Great Hurricanes and the Deadliest Storm
When talking of terrible hurricanes people may think of Katrina. While we don’t want to downplay the terrible loss of life and property in that storm, it wasn’t the deadliest.
Katrina was the most expensive as far as property lost, definitely, but keep in mind that the deadliest was a storm few remember or talk about. One reason for this is that is happened in 1900, and meteorology was just an emerging science. If it had happened a decade or two before that, the world might have little recorded information. Fortunately for future generations, reporters there, and there were photographers who left pictures that recorded the details for history. There are old newspaper accounts that contain tales of the aftermath of this terrible event
What happened on Sept 7, 1900?
The storm was call the 1900 Galveston Hurricane or The Great Flood. It was the deadliest storm ever seen in the United States. The death toll was estimated to be between 6,000 and 12,000. Today we would be tracking the storm minute to minute. But, in 1900, telegraphs often were not reliable, especially during a storm.
Galveston in its Prime
At the time of the storm, Galveston was a booming harbor town, and a major center of trade along the Gulf Coast, as well as the largest trading center in Texas. Isaac Cline had been posted to Galveston and later his brother Joseph Cline had been posted there as a Meteorologists. The brothers were said to have had a falling out which stemmed from the Flood forecast, and put them at odds for the rest of their lives.
Some of the residents of Galveston during that time had immigrated from other areas of the country, but many knew about hurricanes and had weathered many storms. After living in Galveston without any major storms, many residents fell into a false sense of security. Other residents campaigned for a sea wall thinking that a hurricane may come in the future. They just didn’t know how right they were, or how soon they would need a sea wall.
The day of the Hurricane people on the Island began to notice changes in the weather. The water didn't appear as it normally did. Many people began to feel uneasy, but no one would have believed what the night held.
Meteorology was a new science and the information about that storm and others, and the directions of storms was not always correct. Once this storm started there was little people could do except look for a building with a second floor and hope they could stay above the water, but when the ocean torn across the island people and buildings were tumbled like a child's toy.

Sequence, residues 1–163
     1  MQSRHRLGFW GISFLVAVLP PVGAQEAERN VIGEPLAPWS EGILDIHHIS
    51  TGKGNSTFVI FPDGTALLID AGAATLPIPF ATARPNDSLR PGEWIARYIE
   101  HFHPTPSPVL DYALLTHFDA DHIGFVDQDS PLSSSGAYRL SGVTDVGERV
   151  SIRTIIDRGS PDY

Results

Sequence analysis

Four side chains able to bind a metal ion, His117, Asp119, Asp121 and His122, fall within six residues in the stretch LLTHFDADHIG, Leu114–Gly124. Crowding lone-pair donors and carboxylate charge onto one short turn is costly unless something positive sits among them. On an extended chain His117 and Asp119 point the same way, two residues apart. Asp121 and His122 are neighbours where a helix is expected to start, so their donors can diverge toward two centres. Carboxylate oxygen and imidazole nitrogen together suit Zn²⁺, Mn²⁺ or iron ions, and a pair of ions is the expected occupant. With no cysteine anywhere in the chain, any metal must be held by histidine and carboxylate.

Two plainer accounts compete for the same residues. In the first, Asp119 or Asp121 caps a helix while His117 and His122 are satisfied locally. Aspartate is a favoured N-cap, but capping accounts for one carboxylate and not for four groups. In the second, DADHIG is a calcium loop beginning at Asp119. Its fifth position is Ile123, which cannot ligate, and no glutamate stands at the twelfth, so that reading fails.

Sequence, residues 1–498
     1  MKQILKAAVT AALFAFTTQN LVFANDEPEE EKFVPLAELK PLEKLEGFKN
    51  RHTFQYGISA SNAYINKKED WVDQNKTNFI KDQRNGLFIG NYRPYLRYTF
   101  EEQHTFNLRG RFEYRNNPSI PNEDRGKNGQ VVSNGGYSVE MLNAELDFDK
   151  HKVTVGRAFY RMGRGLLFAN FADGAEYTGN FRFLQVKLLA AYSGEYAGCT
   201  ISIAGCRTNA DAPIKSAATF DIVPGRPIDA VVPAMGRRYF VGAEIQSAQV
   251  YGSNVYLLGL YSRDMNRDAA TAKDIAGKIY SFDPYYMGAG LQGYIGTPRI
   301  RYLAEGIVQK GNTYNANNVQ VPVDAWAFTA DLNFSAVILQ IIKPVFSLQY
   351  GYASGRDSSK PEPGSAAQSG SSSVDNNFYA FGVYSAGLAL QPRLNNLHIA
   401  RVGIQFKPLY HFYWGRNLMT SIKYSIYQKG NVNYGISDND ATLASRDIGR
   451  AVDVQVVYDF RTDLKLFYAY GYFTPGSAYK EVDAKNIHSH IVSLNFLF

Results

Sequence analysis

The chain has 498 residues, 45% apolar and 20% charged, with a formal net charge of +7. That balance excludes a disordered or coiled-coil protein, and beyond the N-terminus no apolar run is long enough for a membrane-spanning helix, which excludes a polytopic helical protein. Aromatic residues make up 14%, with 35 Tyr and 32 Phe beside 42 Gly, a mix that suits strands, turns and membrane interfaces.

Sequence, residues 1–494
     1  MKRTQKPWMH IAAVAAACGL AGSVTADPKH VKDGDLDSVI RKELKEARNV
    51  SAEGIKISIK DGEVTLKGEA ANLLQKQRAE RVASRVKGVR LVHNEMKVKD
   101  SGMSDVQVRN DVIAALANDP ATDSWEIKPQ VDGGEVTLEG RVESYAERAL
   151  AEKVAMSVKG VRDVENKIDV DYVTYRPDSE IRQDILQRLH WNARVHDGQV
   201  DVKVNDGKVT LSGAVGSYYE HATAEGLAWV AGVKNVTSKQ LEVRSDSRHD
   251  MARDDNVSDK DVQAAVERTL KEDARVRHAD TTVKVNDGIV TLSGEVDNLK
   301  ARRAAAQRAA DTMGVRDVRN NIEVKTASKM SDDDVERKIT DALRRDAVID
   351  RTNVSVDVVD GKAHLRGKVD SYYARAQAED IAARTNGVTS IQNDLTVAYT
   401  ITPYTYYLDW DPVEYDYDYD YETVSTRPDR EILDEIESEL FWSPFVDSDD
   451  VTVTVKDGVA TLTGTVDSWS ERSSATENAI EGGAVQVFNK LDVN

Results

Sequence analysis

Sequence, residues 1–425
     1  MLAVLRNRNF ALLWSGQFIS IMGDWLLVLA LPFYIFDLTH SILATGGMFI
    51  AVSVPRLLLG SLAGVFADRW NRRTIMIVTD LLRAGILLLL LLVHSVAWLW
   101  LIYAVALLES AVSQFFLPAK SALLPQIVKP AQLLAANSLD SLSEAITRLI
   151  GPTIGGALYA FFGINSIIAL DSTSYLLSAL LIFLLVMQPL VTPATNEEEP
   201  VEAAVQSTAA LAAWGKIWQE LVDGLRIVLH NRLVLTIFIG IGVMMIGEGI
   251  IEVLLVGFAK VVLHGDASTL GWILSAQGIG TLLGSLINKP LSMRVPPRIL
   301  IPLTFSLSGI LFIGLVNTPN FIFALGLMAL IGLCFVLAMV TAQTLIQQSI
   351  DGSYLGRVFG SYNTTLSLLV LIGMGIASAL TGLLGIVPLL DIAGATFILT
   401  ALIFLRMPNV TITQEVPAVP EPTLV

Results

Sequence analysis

During the day of the storm there were people traveling on and off the island by ferry and by train. There was a train that traveled from Beaumont, Texas to Galveston, TX on a routine basis. Early on the day of the storm, the tracks were covered by water from the storm surges. The train decided to go back to allow passengers to meet a ferry to take them home. The seas became so treacherous that the captain gave up on continuing and a few of the passengers took shelter in a lighthouse. Eighty five people stayed with the train which included the crew. Those on the train drown when seas washed over the train cars.
Hurricanes, Floods and Loss of Life
Government workers reached the city by ships that sailed from the west shortly after word of the storm surfaced, but all they could report was that Galveston was destroyed. The death toll described by the workers was unbelievable and some of the reports were thought to be exaggerated back on the mainland. Some residents that survived the initial storm were unable to be rescued from the ruble. They called for help, but the number of those who needed to be rescued was too great. An entire orphanage was covered with waves during the storm killing all the children.
As the clean up began, bodies were buried at sea only to wash back on the shore. Men were then recruited to burn the bodies. They pyres burned for weeks. Survivors made wood shelters from wood they salvaged from destroyed homes and business, or they put tents on the beach. Sometime the smell was unbearable.
Galveston built the sea wall, but the city never returned to the status it had held before the storm.
There is a great book, Isaac Storm’s, written by Erik Larson that explores this terrible storm in depth and is, in my opinion, one of the best reads in current literature
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